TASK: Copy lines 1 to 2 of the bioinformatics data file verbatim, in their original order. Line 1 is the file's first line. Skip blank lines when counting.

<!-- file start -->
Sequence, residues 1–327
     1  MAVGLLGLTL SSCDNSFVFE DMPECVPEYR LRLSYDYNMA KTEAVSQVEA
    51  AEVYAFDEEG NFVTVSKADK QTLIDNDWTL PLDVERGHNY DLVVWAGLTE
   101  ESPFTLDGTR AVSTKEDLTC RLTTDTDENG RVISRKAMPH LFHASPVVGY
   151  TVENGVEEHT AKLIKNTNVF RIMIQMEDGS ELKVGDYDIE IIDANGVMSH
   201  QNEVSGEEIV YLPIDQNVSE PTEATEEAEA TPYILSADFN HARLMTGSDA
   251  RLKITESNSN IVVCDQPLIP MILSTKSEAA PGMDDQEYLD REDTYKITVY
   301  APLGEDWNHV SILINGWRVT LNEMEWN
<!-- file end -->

Sequence, residues 1–327
     1  MAVGLLGLTL SSCDNSFVFE DMPECVPEYR LRLSYDYNMA KTEAVSQVEA